The Federal Trade Commission (FTC) modified guidelines it issues to developers who make apps specifically for children. App developers have taken advantage of the soaring lucrative app market aimed at a younger audience that not only enjoys the fast-paced adrenaline rush of modern technology, but actually relies on technology for educational development, as more school districts have introduced the use of tablets in the classroom. The trouble is, however, with increasing and constant presence of adolescent online activity comes a greater degree of parental concern for their privacy.
The Children’s Online Privacy Protection Act (COPPA) was created primarily to protect children under the age of 13 from the collection of their personal data online for commercial use. The goal of COPPA is to keep parents in control of what their children under 13 are viewing and disclosing on the Internet. The FTC’s recent changes to a list of guidelines not only ensures that app developers and app stores notify parents of how their children are using apps, they also reaffirm these entities’ obligation to obtain verifiable parental consent before collecting personal information from children.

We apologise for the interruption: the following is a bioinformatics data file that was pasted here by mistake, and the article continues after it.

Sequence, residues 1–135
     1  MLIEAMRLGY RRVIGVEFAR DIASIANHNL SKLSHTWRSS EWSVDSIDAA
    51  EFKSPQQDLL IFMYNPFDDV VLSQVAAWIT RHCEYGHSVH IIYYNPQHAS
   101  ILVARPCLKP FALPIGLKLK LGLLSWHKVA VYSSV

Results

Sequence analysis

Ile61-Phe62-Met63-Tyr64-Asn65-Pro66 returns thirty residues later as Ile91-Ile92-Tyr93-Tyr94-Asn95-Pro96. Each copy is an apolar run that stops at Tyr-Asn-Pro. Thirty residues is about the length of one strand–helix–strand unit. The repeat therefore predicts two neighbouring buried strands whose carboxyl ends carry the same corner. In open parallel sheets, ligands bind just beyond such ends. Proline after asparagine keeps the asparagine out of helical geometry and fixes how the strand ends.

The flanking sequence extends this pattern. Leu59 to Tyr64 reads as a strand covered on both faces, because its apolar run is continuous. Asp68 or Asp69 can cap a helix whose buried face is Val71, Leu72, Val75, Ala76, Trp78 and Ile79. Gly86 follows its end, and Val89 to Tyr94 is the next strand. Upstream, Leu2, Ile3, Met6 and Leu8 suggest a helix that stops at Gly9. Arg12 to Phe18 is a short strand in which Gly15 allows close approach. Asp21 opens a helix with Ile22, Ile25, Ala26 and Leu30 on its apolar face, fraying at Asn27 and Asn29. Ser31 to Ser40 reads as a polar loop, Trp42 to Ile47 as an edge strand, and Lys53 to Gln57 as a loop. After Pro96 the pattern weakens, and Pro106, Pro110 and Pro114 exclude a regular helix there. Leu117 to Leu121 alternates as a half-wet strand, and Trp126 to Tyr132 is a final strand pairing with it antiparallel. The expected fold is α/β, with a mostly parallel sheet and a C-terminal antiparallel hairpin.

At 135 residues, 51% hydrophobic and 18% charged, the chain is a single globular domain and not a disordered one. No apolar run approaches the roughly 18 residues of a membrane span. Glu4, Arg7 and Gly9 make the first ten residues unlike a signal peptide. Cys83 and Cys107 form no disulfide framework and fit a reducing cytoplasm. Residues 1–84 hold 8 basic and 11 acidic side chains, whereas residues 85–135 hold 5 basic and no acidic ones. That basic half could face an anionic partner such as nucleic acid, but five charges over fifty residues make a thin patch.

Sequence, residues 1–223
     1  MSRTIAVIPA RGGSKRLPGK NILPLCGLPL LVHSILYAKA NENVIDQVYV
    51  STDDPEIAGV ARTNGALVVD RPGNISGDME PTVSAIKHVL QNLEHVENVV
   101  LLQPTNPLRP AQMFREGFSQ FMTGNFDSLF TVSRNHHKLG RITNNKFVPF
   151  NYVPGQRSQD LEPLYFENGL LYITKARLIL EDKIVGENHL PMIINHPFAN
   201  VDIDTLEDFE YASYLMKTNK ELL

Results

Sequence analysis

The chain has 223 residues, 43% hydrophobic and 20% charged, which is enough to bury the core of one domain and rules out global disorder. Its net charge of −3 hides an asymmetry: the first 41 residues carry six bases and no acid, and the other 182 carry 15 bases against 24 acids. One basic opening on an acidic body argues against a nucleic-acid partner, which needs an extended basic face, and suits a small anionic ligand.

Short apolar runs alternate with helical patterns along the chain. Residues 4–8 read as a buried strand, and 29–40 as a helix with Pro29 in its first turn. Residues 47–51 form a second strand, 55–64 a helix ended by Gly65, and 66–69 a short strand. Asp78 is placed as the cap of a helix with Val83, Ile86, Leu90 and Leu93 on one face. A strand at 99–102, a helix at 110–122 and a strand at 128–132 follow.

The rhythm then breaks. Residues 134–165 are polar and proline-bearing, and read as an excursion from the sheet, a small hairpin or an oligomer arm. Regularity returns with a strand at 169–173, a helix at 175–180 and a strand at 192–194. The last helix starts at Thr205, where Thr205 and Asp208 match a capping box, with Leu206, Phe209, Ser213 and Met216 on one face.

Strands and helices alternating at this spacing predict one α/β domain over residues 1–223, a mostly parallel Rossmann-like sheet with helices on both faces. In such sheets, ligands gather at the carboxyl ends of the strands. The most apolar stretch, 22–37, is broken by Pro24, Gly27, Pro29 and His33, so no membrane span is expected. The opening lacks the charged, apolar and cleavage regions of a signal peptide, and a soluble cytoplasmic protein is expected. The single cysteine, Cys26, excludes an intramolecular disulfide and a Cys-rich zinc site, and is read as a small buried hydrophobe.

The FTC initially provided that charging a parental credit card was sufficient to satisfy parental consent, as the parent, at the very least, would see the charge on the monthly statement, and would have notice of the child’s activity on the website. In its revisions, the FTC now clarifies that a credit card need not be charged to obtain parental consent, so long as the collection of the credit card is supplemented with other effective safeguards, such as questions to which only parents would know the answer.
The FTC also revised its guidelines to establish that the developer of a child-related app may use a third party, such as an app store, to obtain parental consent on its behalf. In that instance, if the app store provides the required notice and consent verification prior to or at the time of the purchase of a mobile app for children under 13, the mobile app developer may rely on that consent.
Finally, the FTC suggested that it supports the creation of “multiple-operator” methods or common consent mechanisms – app stores that assist developers operating on their platform with providing a verifiable consent mechanism will not be held liable under COPPA so long as they do not “misrepresent the level of oversight [provided] for a child-directed app.”